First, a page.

curl $URL/_design/mydesigndoc/_search/mysearchindex?q=salter+scales+red

With a little extra work we could:

Note that in order to create an index that spans all the partitions, we need to supply partitioned: false in the design document that defines the index. See documentation

Indexing - Orders by Customer

In our website’s dashboard, we need to display a single user’s order history. To service this access pattern, the orders database needs a global secondary index on the userid and date fields.

To create an index that only works on documents where type="order" and is indexed by userid and date we POST the following JSON to the /orders/_index endpoint:

{
   "index": {
     "partial_filter_selector": {
       "type": "order"
     },
     "fields": [ "userid", "date" ]
   },
   "ddoc": "orders-by-customer-index",
   "type": "json",
   "partitioned": false
}

We can then query the index by posting JSON to the /orders/_find endpoint:

{
   "selector": {
      "type": "order",
      "userid": "user19952622"
   },
   "use_index": "orders-by-customer-index"
}

Indexing - Orders by Time

In order to get all orders ordered by time, we need to create another global Cloudant Query index, again only including the core order documents and ordering by the date field:

{
   "index": {
     "partial_filter_selector": {
       "type": "order"
     },
     "fields": ["date" ]
   },
   "ddoc": "orders-by-date",
   "type": "json",
   "partitioned": false
}

We can then query the index by posting JSON to the /orders/_find endpoint, in this case to find orders occuring after in January 2019:

{
   "selector": {
      "type": "order",
      "date": {
         "$gte": "2019-01-01",
         "$lt": "2019-01-02"
      }
   },
   "use_index": "orders-by-date"
}

Indexing - Sales Report

Performing aggregations for reporting purposes requires the use of Cloudant’s MapReduce feature. A JavaScript function, embedded in a design document, is called by Cloudant for every document in the database. The function emits the keys/value pairs that define the ordering and grouping of the data and which fields are to be aggregated. Here’s an example function that emits orders by year/month/day:

function(doc) {
  if (doc.type == "order") {
    // turn the date string into a Date object
    var date = new Date(doc.date);
    // extract the date parts
    var year = date.getFullYear();
    var month = date.getMonth() + 1; // months go 0-11
    var day = date.getDate();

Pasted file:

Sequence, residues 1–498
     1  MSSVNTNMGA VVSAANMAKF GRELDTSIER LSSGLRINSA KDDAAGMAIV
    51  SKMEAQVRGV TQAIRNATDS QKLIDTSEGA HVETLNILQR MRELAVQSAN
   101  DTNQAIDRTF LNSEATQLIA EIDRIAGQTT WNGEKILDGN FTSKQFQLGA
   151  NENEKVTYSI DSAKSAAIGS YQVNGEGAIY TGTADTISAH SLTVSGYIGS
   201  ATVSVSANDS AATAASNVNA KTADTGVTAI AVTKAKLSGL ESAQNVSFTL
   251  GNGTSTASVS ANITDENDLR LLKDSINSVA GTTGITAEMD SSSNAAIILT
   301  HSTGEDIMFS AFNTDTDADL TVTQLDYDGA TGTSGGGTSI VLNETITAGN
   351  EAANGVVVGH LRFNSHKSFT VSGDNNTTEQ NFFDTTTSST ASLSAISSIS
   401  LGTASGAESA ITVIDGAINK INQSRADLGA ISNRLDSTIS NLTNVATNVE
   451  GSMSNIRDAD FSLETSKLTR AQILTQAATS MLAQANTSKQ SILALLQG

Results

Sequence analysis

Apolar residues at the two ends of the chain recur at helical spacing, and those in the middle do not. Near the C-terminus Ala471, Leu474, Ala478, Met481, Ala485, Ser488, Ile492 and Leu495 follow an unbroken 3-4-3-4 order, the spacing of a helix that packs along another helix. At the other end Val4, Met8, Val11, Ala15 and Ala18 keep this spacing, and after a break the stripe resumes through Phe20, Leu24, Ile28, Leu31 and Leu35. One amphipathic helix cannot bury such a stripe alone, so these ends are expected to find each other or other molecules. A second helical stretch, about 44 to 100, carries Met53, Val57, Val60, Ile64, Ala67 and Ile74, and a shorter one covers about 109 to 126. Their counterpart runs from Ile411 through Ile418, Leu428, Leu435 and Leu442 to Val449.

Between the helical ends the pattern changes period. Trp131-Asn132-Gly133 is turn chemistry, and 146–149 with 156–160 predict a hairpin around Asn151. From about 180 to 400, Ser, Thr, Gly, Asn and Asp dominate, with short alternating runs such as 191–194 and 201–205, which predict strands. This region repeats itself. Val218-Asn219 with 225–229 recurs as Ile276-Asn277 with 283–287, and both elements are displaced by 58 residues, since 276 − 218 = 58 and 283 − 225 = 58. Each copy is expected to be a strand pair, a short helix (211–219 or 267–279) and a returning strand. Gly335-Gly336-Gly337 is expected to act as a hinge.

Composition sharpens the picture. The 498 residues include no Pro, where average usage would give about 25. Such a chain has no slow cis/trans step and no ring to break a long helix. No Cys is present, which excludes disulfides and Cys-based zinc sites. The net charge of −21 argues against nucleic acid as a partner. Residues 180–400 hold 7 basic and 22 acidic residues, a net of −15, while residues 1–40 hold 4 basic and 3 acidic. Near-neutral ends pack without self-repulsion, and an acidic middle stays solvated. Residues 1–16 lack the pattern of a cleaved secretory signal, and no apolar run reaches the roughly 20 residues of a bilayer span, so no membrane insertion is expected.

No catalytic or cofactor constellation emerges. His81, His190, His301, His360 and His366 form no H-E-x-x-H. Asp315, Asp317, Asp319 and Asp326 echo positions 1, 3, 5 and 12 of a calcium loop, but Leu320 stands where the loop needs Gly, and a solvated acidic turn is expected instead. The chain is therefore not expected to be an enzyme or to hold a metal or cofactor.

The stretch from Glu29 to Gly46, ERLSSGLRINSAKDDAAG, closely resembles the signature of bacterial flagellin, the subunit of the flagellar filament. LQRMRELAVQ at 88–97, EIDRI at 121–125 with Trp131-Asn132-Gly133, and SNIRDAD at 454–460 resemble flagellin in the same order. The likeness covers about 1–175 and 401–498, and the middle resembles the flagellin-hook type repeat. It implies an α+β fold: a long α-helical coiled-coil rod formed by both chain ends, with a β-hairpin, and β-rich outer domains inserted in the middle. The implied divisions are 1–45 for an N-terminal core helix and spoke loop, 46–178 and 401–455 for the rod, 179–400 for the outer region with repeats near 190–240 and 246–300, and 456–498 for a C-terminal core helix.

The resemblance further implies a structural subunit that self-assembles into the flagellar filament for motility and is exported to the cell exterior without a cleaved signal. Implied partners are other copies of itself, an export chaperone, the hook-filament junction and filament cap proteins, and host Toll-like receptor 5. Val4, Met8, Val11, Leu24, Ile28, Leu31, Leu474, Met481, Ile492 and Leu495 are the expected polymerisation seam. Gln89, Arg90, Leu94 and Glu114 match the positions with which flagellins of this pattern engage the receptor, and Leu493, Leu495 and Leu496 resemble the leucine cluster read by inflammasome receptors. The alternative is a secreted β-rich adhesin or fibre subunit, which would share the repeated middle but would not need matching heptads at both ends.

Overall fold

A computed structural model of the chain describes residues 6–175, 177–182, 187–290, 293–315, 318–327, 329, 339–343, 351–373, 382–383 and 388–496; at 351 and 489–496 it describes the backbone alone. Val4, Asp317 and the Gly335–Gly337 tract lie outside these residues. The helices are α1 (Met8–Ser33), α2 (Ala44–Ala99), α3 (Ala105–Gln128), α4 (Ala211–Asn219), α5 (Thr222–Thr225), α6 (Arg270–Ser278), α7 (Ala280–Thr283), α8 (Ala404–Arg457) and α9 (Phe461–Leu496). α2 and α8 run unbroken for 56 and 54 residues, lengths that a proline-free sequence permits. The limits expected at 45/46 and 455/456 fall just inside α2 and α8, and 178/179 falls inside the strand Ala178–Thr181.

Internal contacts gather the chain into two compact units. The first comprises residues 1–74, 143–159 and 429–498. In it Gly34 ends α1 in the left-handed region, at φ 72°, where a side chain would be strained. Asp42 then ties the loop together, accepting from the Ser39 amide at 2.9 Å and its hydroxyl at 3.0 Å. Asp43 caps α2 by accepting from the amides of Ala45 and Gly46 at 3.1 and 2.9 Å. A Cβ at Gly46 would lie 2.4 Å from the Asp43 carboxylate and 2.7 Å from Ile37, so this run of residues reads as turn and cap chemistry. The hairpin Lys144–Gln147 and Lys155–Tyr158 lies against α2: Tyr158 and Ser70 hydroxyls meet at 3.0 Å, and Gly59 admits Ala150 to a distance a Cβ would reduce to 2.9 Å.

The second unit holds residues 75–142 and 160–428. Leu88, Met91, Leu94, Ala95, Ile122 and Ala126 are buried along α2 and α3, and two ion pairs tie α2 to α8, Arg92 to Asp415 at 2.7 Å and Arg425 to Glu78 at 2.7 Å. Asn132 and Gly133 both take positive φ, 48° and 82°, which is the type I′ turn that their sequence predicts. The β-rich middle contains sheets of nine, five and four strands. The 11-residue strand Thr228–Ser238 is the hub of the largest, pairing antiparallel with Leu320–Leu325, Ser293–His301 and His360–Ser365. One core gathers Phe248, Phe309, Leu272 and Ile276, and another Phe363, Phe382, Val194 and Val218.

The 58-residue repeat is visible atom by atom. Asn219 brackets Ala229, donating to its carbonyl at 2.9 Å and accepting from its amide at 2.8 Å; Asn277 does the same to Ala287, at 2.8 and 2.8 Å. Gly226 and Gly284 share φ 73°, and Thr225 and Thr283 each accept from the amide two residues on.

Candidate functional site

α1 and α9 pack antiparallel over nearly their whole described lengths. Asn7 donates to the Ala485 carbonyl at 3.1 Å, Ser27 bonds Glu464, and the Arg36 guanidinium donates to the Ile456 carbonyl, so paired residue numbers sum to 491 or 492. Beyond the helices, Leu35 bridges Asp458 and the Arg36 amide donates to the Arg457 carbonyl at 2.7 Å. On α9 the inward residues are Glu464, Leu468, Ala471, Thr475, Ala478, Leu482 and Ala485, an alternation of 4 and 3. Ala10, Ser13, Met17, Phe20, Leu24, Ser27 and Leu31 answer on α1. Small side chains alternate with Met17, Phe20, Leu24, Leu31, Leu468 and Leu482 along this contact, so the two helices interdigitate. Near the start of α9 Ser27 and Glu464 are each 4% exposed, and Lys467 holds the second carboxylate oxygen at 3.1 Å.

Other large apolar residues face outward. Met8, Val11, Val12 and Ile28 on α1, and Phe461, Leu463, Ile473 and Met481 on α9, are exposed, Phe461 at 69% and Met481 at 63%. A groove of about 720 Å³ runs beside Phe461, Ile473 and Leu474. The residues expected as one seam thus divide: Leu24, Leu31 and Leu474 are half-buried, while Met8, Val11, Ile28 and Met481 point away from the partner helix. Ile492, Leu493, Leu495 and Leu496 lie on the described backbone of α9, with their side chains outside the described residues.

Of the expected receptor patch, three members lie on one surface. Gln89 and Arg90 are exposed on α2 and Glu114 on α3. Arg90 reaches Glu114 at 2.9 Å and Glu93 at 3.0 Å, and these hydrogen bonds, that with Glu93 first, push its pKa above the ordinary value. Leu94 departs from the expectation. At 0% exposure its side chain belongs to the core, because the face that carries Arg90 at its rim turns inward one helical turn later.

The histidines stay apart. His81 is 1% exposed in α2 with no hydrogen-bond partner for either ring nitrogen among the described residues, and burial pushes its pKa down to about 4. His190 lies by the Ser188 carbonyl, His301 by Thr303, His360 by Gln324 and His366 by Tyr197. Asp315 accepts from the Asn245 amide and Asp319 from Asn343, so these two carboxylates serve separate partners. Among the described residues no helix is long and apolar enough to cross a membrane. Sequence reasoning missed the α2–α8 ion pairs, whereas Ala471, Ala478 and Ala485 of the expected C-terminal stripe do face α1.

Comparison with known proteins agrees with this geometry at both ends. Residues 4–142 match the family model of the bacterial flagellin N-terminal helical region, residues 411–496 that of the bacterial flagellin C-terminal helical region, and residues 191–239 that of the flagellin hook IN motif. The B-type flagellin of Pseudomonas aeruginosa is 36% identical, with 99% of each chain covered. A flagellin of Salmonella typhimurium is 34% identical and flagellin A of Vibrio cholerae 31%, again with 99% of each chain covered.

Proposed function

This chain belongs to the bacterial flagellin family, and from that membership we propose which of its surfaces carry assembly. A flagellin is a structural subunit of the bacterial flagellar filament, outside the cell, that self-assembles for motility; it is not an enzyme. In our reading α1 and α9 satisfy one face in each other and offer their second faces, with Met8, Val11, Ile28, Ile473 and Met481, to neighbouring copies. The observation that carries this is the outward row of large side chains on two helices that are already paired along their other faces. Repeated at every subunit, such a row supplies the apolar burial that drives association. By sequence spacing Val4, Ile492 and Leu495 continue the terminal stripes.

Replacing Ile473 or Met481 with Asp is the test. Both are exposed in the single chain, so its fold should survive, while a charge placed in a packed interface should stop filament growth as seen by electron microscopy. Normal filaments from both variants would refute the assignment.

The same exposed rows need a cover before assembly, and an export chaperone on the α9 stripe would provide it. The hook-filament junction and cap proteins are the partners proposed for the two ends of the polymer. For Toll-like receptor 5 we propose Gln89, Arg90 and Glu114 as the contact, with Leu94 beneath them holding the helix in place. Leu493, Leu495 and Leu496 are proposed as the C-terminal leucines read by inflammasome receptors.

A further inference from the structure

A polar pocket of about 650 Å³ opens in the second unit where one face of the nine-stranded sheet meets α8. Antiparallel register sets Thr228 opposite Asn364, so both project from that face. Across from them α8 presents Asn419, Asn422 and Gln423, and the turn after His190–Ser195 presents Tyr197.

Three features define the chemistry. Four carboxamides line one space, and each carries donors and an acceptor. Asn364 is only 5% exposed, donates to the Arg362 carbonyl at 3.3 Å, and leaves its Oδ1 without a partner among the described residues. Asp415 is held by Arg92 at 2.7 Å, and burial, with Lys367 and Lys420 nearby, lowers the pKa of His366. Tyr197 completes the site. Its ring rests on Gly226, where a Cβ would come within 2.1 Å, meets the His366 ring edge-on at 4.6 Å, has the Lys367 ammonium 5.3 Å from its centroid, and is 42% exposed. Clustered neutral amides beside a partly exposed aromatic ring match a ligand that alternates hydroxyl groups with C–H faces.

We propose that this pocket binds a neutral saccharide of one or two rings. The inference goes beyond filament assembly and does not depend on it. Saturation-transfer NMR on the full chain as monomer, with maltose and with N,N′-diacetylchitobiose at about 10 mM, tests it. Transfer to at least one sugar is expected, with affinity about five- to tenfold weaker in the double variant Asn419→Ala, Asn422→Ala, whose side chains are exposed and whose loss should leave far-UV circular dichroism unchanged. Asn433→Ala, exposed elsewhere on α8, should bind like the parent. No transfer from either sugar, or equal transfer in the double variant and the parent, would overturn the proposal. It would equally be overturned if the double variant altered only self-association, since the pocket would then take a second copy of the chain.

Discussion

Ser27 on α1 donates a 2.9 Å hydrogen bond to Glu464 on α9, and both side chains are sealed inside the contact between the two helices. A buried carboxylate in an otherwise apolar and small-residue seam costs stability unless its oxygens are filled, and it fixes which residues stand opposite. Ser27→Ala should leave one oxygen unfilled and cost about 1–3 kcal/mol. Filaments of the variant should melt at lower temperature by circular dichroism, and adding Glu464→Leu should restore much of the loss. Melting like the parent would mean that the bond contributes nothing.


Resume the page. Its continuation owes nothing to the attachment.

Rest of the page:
// emit the key and value
    emit([year,month,day], doc.total);
  }
}

By choosing the _sum reducer, we instruct Cloudant to totalise the emitted value (doc.total). The MapReduce query engine allows data to be grouped by year/month/day, year/month, year or to group all the data to produce a grand total. In addition, the data can be filtered between startkey and endkey key values and the reducer can be switched off at query-time to just extract data between two dates.

Note that in order to create an index that spans all the partitions, we need to supply partitioned: false in the design document that defines the index. See documentation

Indexing - Authentication

When a user is logging in, we can’t do partitioned query on our users database because we don’t yet know the user’s userid. We have to create a secondary index on the user’s email address and select a user record by the email field. We can reduce the index size by using a partial_filter_selector to only include the main user records that are active and have been verified:

{
   "index": {
     "partial_filter_selector": {
       "type": "user",
       "active": true,
       "email_verified": true
     },
     "fields": ["email" ]
   },
   "ddoc": "users-by-email",
   "type": "json",
   "partitioned": false
}

To find a document matching a supplied email address we can use the following query, only asking for the fields we need:

{
   "selector": {
      "type": "user",
      "active": true,
      "email_verified": true,
      "email": "joe@aol.com"
   },
   "use_index": "users-by-email",
   fields: ["userid", "password", "salt"]
}

Summary

The Cloudant partial databases feature provides a step change in query performance for data designs that use the _id field to store a partition key and a document key. Careful data design can ensure that data that belongs together, and that you application expects to query in isolation, is stored in its own partition. Queries directed at a single partition only use fraction of the computing resource of a “whole database” query, resulting in faster performance and lower per-query pricing.

Other use-cases and access patterns can be serviced by secondary indexes that span all the partitions.

Further reading